WASHINGTON – In Fiscal Year 2015, U.S. Immigration and Customs Enforcement’s (ICE) Homeland Security Investigations (HSI) arrested 1,437 individuals for human trafficking -- the illegal trade and exploitation of people for commercial gain, most commonly in the form of forced labor and commercial sexual exploitation. From those cases, nearly 400 trafficking victims were identified and offered critical services. 

This year marks the sixth anniversary of President Barack Obama’s proclamation of January as National Slavery and Trafficking Prevention month. ICE participates in a variety of human trafficking awareness events in January and throughout the year.

U.S. Gay Sex Slave Trial Exposes Dilemmas faced by Male Trafficking Victims

 

Reuters - 12/29/15 - by Elizabeth Daley

NEW YORK (Thomson Reuters Foundation) - Three young Hungarian men have helped dismantle a U.S. gay prostitution ring that enslaved them, marking a victory for local prosecutors but highlighting the difficulty in reaching and helping male trafficking victims, campaigners said.

The men's accounts of being raped, locked up in windowless rooms, and their lives threatened led to the conviction this month of Andras Janos Vass, 26, for helping to operate a male prostitution ring of gay Hungarians in New York City and Miami.

The following article was originally published by The Huffington Post, written by Eleanor Goldberg on 2/3/13

Super Bowl Is Single Largest Human Trafficking Incident in U.S.:Attorney General

When it came time for the Super Bowl, Clemmie Greenlee was expected to sleep with anywhere from 25 to 50 men a day. It’s a staggering figure, but it doesn’t shock advocates who say that the sporting event attracts more traffickers than any other in the U.S.

"The Super Bowl is the greatest show on Earth, but it also has an ugly underbelly,"Texas Attorney General Greg Abbott told USA Today in 2011 when his state was gearing up to host the event. "It's commonly known as the single largest human trafficking incident in the United States."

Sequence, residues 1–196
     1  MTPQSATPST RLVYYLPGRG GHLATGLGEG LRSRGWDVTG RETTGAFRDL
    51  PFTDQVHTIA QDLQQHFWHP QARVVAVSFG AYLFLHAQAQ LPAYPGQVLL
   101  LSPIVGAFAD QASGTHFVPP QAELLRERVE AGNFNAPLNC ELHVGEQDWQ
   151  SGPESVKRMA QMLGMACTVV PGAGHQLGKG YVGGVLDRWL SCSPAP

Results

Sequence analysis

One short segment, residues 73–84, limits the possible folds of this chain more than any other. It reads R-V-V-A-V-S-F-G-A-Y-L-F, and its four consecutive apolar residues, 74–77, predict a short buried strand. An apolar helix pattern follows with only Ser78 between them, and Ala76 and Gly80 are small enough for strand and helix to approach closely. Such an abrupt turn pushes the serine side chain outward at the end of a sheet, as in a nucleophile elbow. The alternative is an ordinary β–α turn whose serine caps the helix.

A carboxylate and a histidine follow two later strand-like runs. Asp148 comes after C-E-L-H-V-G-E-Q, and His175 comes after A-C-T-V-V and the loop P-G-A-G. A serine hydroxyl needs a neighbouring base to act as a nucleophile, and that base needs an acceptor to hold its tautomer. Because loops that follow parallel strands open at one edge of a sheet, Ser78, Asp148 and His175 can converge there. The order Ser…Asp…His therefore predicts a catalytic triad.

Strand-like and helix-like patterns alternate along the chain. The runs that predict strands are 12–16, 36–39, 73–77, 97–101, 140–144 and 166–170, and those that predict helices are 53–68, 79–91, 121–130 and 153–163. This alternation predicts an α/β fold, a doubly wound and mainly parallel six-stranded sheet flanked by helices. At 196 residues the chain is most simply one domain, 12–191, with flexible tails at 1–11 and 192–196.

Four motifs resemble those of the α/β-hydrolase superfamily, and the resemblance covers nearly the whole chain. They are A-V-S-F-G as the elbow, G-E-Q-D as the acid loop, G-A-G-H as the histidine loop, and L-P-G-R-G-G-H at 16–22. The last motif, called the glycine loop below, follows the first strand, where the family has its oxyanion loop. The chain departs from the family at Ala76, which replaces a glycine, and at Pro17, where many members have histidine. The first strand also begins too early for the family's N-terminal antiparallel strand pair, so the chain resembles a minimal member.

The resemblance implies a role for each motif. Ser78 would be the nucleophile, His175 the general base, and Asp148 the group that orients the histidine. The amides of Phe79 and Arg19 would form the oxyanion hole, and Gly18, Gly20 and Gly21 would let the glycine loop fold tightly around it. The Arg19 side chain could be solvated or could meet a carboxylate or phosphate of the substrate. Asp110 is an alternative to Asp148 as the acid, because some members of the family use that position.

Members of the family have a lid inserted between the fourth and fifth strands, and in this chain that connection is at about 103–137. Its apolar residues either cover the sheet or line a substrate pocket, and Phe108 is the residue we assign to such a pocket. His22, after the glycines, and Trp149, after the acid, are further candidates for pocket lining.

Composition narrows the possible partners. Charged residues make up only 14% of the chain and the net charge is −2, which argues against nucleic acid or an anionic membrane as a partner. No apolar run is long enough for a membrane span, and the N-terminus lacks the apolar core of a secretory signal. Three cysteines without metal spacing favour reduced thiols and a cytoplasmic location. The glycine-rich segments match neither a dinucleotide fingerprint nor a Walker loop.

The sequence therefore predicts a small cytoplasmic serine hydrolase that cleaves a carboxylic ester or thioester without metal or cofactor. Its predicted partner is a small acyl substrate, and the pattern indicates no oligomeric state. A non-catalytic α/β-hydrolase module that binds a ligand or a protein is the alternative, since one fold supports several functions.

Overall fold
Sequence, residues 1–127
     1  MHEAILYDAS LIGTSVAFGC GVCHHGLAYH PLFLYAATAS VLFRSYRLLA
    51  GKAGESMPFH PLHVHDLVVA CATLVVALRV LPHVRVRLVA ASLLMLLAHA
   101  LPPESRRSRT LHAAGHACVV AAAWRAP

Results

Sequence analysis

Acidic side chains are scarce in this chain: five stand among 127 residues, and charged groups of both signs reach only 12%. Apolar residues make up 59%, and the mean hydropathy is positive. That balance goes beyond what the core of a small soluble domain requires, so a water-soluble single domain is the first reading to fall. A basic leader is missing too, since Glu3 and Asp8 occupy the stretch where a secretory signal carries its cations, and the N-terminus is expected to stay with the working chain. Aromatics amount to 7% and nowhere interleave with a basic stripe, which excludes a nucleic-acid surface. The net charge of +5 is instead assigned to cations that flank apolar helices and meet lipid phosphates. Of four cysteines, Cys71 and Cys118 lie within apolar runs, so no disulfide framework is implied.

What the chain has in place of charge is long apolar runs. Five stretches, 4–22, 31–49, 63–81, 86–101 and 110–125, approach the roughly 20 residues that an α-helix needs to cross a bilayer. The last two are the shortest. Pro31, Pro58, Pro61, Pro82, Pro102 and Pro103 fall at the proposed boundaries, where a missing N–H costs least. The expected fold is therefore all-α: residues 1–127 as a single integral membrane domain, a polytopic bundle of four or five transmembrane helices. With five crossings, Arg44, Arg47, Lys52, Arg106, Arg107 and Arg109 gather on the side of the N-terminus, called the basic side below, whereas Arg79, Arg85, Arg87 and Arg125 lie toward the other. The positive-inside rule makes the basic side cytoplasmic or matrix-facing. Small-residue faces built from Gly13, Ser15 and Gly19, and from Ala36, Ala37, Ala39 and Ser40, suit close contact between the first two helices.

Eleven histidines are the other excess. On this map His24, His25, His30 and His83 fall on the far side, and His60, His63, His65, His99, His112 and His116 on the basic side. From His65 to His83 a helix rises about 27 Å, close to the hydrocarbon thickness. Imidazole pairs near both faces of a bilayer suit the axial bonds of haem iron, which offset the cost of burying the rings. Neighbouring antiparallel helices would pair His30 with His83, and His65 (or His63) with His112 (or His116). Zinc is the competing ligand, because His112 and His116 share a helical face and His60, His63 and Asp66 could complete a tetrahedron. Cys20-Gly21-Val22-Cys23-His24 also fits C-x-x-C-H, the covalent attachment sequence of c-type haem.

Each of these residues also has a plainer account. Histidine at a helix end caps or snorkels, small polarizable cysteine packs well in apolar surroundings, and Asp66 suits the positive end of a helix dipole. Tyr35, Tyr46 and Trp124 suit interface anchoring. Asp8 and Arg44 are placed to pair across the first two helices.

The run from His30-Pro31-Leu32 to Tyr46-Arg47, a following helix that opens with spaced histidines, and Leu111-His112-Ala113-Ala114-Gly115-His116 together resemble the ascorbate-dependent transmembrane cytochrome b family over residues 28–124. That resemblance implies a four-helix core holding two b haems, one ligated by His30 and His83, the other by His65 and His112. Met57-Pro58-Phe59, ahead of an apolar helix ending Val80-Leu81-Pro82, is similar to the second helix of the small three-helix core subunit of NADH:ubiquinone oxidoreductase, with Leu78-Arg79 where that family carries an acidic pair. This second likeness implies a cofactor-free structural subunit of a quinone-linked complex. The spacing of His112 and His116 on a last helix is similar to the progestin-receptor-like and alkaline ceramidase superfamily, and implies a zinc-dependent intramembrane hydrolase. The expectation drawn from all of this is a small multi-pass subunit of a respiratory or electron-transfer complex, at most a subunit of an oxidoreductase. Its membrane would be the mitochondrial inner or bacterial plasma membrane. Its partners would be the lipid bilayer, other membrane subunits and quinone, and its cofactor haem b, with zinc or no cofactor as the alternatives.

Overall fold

Date Published: June 19, 2015 • By Laura Walter, Staff Reporter • Source: Coastal Point

human trafficking truth
Yolanda Schlabach talks about the ugly truth of human trafficking in Delaware

 Christine McCoy was completely shocked the first time she heard Yolanda Schlabach speak about the ugly truth of human trafficking in Delaware.

“To me it was always oversees, or cities — not right here in Sussex County. And the more people that are aware, the better we can start fighting it,” said McCoy, president of Southern Sussex Rotary Club, where Schlabach spoke in May.

“Apparently, southern Delaware is a hotbed for this type of activity because of the rural nature of our communities and several other factors,” McCoy stated.

“Human trafficking is modern-day slavery and involves the use of force, fraud or coercion to obtain some type of labor or commercial sex act,” according to U.S. Department of Homeland Security.

If a child is caught in prostitution, that is automatically labeled “trafficking,” not child prostitution. There is no need to prove force or fraud. And human trafficking is one of the largest organized crimes in the world.

“I think it’s a problem that we never realized, and a lot of us with teenage kids don’t really want to acknowledge it, because it’s too scary to think about,” McCoy said.

“We have children and grandchildren in our area that need to be protected,” said Schlabach, executive director of Zoë Ministries, a Delaware non-profit aiming to provide a safe place for sex-trafficking victims and minors.

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